We both felt good about what happened. I can now help two people for what I was spending on just him, and Johanna knows that he will get some sustained assistance. Johanna said that she thinks Mogise was trying to hold the seat of power in the house by bringing in money and food. Part of the reason he's upset, she said, is that he may lose some standing with his siblings. I can't help that, and his better standing won't help them survive any better in any case.

We'll see what happens this week when he and I are alone again. And, he didn't come to church today.

More to come.

A Story in Contrasts

I just left the funeral of the oldest elder in the JL Zwane church. Tembile Silimela was 88 years old, a remarkable age for a community where the average life expectancy is 54. His funeral was an amazing contrast to that of Nokuzola (Rosey) Kokoana, age 34, which was held yesterday. (Rosey is the woman who I've been writing about for the past few weeks.)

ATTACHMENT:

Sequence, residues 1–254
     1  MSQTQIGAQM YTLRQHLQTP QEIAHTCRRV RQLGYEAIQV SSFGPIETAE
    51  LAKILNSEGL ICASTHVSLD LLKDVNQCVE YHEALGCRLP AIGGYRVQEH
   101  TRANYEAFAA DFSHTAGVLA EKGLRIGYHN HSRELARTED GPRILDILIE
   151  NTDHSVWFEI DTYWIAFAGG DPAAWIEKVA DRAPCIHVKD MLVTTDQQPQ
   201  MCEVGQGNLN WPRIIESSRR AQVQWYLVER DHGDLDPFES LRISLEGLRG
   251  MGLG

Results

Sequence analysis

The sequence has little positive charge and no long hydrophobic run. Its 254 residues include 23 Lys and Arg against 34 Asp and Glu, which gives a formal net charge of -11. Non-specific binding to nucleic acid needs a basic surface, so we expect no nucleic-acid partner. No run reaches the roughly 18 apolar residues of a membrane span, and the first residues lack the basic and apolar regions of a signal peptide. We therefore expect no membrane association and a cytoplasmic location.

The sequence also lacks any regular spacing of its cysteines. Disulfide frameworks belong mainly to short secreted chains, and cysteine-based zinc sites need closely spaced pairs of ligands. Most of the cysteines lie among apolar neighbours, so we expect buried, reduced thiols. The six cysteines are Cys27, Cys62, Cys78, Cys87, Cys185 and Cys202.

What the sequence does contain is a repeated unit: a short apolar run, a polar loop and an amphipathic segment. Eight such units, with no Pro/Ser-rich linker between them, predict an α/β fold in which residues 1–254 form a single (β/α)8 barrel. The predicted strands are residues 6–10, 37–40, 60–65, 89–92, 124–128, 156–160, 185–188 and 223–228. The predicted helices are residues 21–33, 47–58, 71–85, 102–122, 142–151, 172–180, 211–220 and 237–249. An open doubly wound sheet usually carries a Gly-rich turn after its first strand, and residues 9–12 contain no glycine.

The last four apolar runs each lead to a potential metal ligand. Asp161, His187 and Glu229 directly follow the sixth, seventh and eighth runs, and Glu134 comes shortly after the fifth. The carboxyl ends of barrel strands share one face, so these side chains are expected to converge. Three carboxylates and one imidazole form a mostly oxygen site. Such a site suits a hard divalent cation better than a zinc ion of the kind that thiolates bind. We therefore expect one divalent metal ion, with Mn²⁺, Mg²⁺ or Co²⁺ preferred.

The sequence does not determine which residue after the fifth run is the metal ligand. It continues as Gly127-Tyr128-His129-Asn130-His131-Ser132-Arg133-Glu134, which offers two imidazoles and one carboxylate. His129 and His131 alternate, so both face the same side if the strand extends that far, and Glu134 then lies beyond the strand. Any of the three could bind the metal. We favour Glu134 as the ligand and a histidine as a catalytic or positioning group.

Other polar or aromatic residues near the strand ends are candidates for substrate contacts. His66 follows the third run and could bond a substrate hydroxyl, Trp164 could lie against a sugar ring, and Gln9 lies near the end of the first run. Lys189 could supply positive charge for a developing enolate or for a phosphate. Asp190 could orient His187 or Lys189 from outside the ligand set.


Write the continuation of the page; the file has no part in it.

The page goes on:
Rosey's funeral was held at her house, as the family didn't think many people would attend. They were right. Only about 40 people came to the funeral, and most were family members. It was a very modest affair - it had all the pomp and circumstance of a regular funeral, but less of the pathos that I've seen before. It became apparent why, when the neighbourhood leader spoke. He explained that Rosey had shut out many members of her family, telling them not to come to her house when she was sick. This is why most of her family were never around during the time I've known her. The neighbour also told of a time when Rosey had moved back to the Eastern Cape and let others stay in her house. These people apparently created all kinds of trouble for the neighbourhood, making noise and getting up to bad mischief. The neighbour called Rosey and told her to come home to take care of the problem, and she refused, telling him to mind his own business. This created much ill will in the neighbourhood, and the bad feelings still exist today.